Raymond Keene

Game plan

Game plan
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What distinguishes the expert from the amateur in chess is partly tactical fluency, but also the ability to map out long-term patterns, in other words to visualise a distant goal. Some champions were distinguished by their talent for rough-and-tumble tactics; among such illuminati one could mention Alekhine, Tal and Kasparov. Others, such as Capablanca, Reti, Nimzowitsch, Smyslov and Karpov, stood out by virtue of their ability to foresee routes to victory that could only have been vaguely discernible to the average chess eye.

A new book Planning: Move by Move by Zenon Franco (Everyman Chess) explains this long-range vision and how to improve one’s prospects of achieving it. A particular expert in planning was Tigran Petrosian, whose 90th anniversary we are celebrating this year. In this week’s game his apparent feint on the queenside is only the prelude to a mighty onslaught which his opponent had anticipated would develop on the opposite wing.

Petrosian-Smyslov: Moscow 1961; Queen’s Indian Defence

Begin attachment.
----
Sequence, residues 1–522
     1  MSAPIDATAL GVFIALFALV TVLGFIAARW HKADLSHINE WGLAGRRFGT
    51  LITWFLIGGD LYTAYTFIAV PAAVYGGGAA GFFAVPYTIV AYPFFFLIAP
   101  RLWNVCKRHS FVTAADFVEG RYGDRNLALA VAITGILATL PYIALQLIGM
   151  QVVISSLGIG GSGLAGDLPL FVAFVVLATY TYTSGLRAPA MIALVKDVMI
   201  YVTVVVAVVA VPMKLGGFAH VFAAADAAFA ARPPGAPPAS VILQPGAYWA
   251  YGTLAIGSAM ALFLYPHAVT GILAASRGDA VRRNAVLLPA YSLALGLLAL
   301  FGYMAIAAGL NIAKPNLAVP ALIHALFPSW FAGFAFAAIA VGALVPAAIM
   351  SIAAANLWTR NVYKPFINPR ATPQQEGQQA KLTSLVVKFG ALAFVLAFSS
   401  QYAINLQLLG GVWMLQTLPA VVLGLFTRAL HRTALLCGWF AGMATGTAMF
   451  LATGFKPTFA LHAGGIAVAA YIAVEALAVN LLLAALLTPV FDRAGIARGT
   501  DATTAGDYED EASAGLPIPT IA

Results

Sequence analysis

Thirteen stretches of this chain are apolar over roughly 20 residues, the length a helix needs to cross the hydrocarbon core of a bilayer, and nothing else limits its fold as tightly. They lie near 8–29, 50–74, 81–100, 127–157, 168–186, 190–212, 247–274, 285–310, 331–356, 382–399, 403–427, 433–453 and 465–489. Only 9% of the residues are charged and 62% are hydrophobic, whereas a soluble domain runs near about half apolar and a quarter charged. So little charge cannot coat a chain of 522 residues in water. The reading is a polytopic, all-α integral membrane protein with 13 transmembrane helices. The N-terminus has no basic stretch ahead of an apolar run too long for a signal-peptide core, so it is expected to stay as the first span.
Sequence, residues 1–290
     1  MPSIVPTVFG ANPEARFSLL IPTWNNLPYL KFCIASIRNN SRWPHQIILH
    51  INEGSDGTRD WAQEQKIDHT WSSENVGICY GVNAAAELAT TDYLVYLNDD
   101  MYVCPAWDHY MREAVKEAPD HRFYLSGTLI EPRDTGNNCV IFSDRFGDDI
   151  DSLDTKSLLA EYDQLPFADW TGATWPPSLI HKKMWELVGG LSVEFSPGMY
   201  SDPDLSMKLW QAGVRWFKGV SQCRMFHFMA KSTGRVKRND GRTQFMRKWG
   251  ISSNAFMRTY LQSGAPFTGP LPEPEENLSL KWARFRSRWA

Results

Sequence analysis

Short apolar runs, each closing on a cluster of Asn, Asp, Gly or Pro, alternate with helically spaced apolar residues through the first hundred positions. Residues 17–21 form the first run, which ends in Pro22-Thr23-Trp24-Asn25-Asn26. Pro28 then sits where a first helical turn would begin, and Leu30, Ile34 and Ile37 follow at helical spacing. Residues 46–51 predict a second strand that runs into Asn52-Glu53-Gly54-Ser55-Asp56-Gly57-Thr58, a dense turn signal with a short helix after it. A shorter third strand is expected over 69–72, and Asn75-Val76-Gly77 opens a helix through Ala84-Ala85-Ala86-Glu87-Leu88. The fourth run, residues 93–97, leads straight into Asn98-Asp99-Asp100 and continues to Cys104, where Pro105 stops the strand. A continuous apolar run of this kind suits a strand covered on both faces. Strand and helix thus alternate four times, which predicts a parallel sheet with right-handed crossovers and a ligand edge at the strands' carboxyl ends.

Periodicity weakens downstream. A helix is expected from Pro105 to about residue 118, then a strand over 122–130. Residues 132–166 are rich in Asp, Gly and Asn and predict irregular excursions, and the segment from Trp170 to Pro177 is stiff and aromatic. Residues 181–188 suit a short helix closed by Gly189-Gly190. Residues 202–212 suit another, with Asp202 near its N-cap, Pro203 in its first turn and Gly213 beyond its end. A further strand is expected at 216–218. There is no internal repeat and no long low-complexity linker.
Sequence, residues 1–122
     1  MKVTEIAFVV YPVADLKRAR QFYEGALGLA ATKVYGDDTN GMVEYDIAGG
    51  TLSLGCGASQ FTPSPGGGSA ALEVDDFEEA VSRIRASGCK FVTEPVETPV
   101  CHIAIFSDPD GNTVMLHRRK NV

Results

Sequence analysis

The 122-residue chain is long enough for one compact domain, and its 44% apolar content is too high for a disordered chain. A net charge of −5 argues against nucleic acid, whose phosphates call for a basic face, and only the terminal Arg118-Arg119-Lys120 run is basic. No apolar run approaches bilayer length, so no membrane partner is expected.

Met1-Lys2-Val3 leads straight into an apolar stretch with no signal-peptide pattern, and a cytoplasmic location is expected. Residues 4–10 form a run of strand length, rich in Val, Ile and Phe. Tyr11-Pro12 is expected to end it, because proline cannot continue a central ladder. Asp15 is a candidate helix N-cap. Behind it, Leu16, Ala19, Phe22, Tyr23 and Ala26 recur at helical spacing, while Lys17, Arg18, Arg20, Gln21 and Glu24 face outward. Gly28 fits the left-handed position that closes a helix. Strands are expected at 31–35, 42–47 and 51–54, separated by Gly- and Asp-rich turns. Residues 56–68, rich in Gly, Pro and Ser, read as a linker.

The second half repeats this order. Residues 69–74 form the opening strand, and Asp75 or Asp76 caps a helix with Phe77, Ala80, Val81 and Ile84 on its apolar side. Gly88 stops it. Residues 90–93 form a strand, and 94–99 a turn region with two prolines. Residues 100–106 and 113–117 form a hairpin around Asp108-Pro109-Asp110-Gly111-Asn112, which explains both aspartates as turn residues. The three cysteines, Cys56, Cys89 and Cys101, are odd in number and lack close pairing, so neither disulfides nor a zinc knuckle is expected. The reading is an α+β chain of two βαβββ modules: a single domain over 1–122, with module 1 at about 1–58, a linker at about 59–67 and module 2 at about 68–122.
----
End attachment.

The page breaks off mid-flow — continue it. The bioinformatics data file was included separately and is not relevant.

1 c4 Nf6 2 Nc3 e6 3 Nf3 b6 4 d4 Bb7 5 a3 d5 6 cxd5 Nxd5 7 e3 Be7 8 Bb5+ c6 9 Bd3 c5 10 Nxd5 Qxd5 11 dxc5 Qxc5 (see diagram 1) There is no great imbalance in the position. The development of both sides is similar and the pawn structure is also balanced. There are only two details which favour White at the moment: the fact that it’s his move and the exposed position of the black queen. Note how White now executes a clever plan to drive the black queen uncomfortably away from the king which will inevitably be the residence of the black king. 12 Bd2 White postpones castling in order to start harassing the black queen as soon as possible. 12 ... Nc6 13 Rc1 Qd6 14 Qc2 Rc8 15 0-0 h6 16 Rfd1 0-0 17 Bc3 The white bishops, trained on the kingside, create obvious difficulties for Black. 17 ... Qb8 18 Qa4 Petrosian described this move as, ‘a simple move, but one of murderous strength. The switch of the queen to the kingside enables White to obtain an irresistible attack.’ 18 ... Rfd8 19 Qe4 g6 20 Qg4 h5 20 ... Kh7? fails to 21 Bxg6+! fxg6 22 Qxe6 Rf8 23 Nh4!, which is more elegant but no better than the prosaic 23 Rd7. 21 Qh3 f5 Preventing 22 g4 catastrophically weakening the e6- and g6-squares. 22 Bc4 Rxd1+ 23 Rxd1 Kf7 (see diagram 2) 24 e4! An energetic blow to destroy the black king’s cover. 24 ... Qf4 25 Re1 Qg4 26 exf5 And once again the black king is left defenceless. The rest is easy; it’s like a boxing match in which one groggy combatant (the black king) is pursued around the ring. 26 ... Qxc4 27 fxg6+ Ke8 28 g7 e5 29 Qxh5+ Kd7 30 Rd1+ Bd6 31 Bxe5 Nd4 32 Nxd4 Black resigns